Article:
And the thing is, I'm not concerned about The Kid's reading skills because we read books every day at home - it's our evening routine. Mostly me and The Man read  to him, but often he reads little bits on his own, too. Often, after we've finished reading, he takes the same book and reads it himself - sight-recognising words, mostly. It brings him joy and that's the important thing. When in town, we talk about things we see on signs; he asks me what's written on trucks and buses and shop fronts.

But, recently, The Kid was picked out for a special reading assistance programme at school called "Reading Recovery" and that's when I kind of started going... ehh.

Up until 2017, New Zealand had a practice of "National Standards" when it came to assessing kids' progress at school. Rather than letting the teacher just work with the kids, the teacher had to periodically 'assess' the kids' progress by comparing their skills to standards set by the government. The standard said, for example, that after 12 months at school a child needed to be able to read at level 6, whatever, and another paper defined what level 6 meant, exactly. A teacher had to report whether the child performed at "above" standards, or "at" standards", or "below" standards. These progress reports then got shared with parents and with Ministry of Education and a continuous "track record", so to speak, was available about kids' performance, comparing children in schools to other schools in the country.

Fortunately, national standards got abolished this year (after a new government was formed). I applaud that, because I don't see the need to assess a 6-year-old's ability to read based on whether he still uses his finger to point words or whether he is able to hold his hand behind his back. (I can sort of understand having national examinations at the end of high school and using the test scores to apply to universities, but with primary school students having national standards is, like... Yeah.)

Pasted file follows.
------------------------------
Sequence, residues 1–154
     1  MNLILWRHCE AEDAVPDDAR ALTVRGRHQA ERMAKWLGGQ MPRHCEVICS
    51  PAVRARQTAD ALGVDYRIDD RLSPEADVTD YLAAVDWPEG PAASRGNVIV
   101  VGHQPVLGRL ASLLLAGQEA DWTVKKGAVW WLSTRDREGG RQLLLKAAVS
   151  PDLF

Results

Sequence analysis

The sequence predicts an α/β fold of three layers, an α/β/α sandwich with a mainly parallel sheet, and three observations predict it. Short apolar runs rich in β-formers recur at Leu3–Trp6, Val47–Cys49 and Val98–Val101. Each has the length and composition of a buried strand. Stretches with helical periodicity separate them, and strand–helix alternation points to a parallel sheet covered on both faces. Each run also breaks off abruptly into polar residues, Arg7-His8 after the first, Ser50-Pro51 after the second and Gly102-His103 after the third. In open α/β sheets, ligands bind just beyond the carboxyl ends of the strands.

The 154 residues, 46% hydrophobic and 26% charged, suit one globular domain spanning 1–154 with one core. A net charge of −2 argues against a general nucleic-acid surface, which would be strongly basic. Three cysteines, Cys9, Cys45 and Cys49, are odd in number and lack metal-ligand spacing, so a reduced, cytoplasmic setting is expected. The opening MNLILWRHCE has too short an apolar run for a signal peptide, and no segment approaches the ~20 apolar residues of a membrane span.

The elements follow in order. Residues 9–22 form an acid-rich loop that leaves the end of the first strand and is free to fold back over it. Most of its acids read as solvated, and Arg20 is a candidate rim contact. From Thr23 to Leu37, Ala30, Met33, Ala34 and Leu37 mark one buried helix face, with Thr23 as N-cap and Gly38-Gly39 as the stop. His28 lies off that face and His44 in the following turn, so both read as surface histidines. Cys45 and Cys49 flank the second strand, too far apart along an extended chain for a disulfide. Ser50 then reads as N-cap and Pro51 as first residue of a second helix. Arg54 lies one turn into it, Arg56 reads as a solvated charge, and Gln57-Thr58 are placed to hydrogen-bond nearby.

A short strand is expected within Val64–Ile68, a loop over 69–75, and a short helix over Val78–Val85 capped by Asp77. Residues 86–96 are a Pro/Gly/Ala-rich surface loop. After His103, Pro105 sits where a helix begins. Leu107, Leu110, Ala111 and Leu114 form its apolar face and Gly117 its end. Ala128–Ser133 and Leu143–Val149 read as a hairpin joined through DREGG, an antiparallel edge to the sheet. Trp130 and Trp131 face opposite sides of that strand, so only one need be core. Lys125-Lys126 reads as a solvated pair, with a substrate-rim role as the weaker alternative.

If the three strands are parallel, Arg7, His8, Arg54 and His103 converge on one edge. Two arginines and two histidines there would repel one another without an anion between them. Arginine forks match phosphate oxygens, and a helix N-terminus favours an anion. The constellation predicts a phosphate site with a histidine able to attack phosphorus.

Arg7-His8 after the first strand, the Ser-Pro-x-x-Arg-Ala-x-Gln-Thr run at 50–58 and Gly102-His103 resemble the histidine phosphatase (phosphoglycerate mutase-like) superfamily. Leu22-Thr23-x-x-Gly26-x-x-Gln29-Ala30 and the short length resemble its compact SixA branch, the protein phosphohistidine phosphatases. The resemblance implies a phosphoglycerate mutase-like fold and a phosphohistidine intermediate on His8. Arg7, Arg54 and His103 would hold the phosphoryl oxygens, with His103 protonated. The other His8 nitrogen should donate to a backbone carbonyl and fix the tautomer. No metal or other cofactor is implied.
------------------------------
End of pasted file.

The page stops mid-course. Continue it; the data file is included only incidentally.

Anyway, when The Kid reached his "12 months at school" age in June this year, his reading and maths etc ability was scored on 'National Standard' framework. (Although now abolished, the school has decided to keep 'National Standards' for one more year whilst they allow time for teachers to re-calibrate, because the abolishment notice came very late last year.) On the national standards, The Kid's reading ability was scored "Well below" standard.

National standards paper

Which, again, I am not concerned about because out of his whole class, only 2 children are "at" standard - everyone else is either "below" or "well below". On the National Standard, 6-year-old kids' reading skills are expected to change on a monthly basis, so even a 4-month delay in their reading progress suddenly puts them at "well below" standard. But because the school runs a special reading programme for kids that maybe need extra help, The Kid got put on it and I was, like, yeah, okay. Sure.

Every day The Kid has a 30-minute reading session with a teacher that specialises in 'reading recovery'. They read, write, cut up words, put the cut-outs back together again. The Kid likes it, and I like that he likes it.